At The Cook Political Report, Amy Walter explains why President Biden’s bipartisan outreach may have a very short shelf life: “No matter what happens with the bipartisan infrastructure bill, it’s pretty clear that this is the last chance for any significant and meaningful bipartisan legislation for the foreseeable future. And, that’s not just because control of the Senate is on the line in 2022. Two of the three Republicans most heavily involved in the bipartisan deal-making on infrastructure won’t be in Congress in 2023, while the third could lose a primary. Ohio’s Rob Portman and North Carolina’s Richard Burr are retiring, while Alaska Sen. Lisa Murkowski, who has earned former President Trump’s wrath by voting to impeach him, has a serious intra-party challenge. As important, the Republicans running to replace them are more interested in fighting than in fixing, more invested in widening the partisan chasm than in narrowing it. Meanwhile, Democratic Senate candidates in key swing seat Senate races don’t share President Biden’s optimism about GOP cooperation. Many of them have pledged to nix the filibuster, something Biden recently said would “throw the entire Congress into chaos.”….in the Democratic primary for the open Senate seat in Pennsylvania, every major candidate takes a different view than Biden. All have said they would vote to eliminate the parliamentary procedure. Many of the top Democratic candidates in North Carolina and Wisconsin are also committed to ending the procedure. Even if the filibuster stays intact, the fact that Democrats — even those in swing states — are willing to throw out the parliamentary procedure suggests that members of Biden’s party are much more pessimistic than he is about the comity and bipartisanship.,,,President Biden may believe that there’s still a chance for the Senate to work in a bipartisan way. But, there will be fewer members in that body come 2023 that believe that.”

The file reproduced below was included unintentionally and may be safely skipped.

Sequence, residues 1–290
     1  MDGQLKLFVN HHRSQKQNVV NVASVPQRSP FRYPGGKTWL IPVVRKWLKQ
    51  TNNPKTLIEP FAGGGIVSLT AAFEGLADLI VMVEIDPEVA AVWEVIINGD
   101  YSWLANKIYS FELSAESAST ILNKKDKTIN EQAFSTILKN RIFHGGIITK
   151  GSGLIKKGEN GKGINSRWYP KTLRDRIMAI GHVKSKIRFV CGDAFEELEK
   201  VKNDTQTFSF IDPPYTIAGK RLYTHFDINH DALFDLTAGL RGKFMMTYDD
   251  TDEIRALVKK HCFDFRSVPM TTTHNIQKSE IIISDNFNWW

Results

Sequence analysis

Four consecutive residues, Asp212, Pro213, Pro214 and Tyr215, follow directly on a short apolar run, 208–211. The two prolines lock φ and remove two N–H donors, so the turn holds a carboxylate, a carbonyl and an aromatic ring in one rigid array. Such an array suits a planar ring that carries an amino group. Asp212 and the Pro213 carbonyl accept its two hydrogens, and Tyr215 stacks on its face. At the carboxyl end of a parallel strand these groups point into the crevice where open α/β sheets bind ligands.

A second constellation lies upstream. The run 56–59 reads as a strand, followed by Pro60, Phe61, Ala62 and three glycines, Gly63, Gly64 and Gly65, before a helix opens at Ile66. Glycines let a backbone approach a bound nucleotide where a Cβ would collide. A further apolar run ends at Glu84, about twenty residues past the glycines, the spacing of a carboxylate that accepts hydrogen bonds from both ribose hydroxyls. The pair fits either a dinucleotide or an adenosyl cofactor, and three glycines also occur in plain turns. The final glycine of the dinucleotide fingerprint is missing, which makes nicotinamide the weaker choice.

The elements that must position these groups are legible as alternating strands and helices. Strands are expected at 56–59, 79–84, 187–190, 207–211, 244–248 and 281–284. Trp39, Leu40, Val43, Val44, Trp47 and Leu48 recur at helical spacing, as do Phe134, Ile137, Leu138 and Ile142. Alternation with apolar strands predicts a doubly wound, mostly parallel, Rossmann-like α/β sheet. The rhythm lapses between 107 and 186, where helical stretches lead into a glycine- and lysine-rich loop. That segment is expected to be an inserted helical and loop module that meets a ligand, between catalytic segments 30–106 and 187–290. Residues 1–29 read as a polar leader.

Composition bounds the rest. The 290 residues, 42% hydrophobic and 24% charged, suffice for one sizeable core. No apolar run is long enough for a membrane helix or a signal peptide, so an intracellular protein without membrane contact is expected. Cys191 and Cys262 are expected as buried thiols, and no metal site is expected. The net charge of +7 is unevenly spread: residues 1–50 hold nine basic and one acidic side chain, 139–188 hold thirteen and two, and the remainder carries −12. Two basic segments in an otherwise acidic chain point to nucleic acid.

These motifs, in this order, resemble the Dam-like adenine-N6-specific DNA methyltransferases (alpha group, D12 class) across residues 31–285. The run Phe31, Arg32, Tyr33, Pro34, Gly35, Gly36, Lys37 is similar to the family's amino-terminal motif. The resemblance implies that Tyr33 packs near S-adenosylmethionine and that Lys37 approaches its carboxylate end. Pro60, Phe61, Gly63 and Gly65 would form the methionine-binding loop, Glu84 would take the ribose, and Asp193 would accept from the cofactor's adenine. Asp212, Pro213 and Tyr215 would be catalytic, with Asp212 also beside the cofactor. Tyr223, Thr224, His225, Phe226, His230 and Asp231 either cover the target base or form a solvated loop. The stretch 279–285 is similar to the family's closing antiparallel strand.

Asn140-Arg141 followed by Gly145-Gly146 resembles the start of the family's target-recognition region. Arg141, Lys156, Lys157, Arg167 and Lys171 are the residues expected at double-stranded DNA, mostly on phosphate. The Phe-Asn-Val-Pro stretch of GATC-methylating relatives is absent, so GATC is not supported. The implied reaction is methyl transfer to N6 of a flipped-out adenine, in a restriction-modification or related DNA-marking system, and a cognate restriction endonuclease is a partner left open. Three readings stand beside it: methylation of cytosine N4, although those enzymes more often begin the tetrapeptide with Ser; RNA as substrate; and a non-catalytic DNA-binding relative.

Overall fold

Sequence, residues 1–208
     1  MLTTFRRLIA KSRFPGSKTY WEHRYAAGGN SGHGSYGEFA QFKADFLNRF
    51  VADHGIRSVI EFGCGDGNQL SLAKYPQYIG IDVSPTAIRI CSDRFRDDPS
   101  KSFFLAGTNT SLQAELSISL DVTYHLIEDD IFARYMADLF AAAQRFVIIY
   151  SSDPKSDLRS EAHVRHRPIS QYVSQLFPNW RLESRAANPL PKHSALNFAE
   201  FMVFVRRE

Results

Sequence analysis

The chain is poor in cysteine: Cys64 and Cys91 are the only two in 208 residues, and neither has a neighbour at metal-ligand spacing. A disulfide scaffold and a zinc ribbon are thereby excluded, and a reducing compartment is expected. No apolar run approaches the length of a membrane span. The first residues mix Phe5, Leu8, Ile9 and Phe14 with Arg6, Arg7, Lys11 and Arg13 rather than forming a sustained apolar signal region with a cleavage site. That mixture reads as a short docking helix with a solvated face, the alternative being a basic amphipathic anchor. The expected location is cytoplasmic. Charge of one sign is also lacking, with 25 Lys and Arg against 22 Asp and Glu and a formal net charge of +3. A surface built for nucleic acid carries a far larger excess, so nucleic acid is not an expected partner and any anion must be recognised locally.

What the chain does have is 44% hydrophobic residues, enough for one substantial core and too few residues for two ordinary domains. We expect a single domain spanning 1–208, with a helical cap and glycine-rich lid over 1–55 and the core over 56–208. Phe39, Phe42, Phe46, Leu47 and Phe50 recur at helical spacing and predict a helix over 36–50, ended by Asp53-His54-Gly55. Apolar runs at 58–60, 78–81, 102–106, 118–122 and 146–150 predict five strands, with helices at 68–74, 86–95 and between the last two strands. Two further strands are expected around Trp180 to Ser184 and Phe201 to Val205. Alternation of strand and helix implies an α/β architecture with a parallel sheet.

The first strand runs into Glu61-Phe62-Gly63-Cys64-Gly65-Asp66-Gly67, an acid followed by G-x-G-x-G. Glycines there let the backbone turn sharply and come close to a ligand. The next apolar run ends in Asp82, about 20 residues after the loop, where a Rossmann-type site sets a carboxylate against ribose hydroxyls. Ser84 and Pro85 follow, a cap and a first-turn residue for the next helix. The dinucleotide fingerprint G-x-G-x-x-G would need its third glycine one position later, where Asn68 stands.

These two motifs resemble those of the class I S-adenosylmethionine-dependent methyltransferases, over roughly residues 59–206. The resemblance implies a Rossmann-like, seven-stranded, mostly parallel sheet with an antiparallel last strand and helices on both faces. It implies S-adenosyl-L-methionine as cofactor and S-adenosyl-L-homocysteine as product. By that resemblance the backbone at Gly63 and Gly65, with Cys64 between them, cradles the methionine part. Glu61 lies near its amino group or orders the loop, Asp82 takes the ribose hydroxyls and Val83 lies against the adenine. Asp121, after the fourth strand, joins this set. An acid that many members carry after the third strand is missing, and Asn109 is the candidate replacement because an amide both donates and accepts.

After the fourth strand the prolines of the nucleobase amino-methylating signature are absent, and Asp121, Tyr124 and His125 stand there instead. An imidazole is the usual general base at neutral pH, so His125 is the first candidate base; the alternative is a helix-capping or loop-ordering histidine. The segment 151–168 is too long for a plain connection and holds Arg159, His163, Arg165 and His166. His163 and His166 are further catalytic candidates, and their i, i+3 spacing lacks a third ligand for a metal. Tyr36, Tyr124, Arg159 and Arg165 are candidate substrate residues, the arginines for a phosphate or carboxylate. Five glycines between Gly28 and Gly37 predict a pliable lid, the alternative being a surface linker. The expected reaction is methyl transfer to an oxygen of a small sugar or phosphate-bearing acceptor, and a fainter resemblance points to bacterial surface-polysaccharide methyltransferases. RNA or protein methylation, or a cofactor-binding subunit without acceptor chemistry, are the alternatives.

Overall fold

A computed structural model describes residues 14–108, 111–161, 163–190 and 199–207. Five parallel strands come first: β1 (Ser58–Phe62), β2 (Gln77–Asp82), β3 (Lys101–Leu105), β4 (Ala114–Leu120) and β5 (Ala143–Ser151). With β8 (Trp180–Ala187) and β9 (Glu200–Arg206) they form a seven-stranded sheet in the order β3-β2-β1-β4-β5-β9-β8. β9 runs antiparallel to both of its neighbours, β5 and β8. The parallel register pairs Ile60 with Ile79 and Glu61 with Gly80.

Will the Florida Democratic Party ever get it together? As Matt Dixon writes in “Florida Democrats anxious over stalled Miami congressional races” at Politico, “Two Miami-area congressional races are likely to be some of the nation’s most expensive and competitive midterm contests. But Democrats so far are missing one thing: candidates….Then-Democratic Reps. Donna Shalala and Debbie Mucarsel-Powell lost the seats in surprise upsets in 2020. Democrats now see both races as winnable — Hillary Clinton won both districts in 2016 by double digits, and the seats tend to sway between Republican and Democratic control. But some Florida Democrats are blaming the poor recruitment drive on the party, which they say isn’t doing enough to recruit and assist strong candidates — a sign of larger problems in the nation’s biggest swing state….At the same time, Shalala is watching how the state’s redistricting process plays out before deciding whether to run again. The former Clinton administration cabinet official would be the initial favorite in the primary if she enters the race but could leave Democrats scrambling well into the 2022 election cycle if she delays her decision much longer….The unsettled field has left Florida Democrats anxious that two potential opportunities are slipping away from them, especially after Republicans and former President Donald Trump galvanized Miami’s Cuban exile community during the 2020 elections….“Without question it is definitely frustrating,” said Ben Pollara, a Miami-based Democratic consultant. “These are going to be ultra-competitive seats that you will need to raise a lot of money for. I’ve been telling people to get in as soon as you can.”….The growing unease underscores the weak position Democrats are in in Florida as the national party attempts to protect its slim margin in the House. Florida Democrats have struggled this year to recruit A-list candidates for statewide offices like attorney general and even governor, a sign that Democrats see their chances of toppling Republicans dimming….Democrats contend that they have a strong chance of winning back Salazar’s seat, which includes tony Miami Beach. The lines will be redrawn, but the previous two presidential elections show how it raced away from Democrats: President Joe Biden won Salazar’s current district by roughly 3 points in 2020, just four years after Hillary Clinton carried it by almost 20 points.”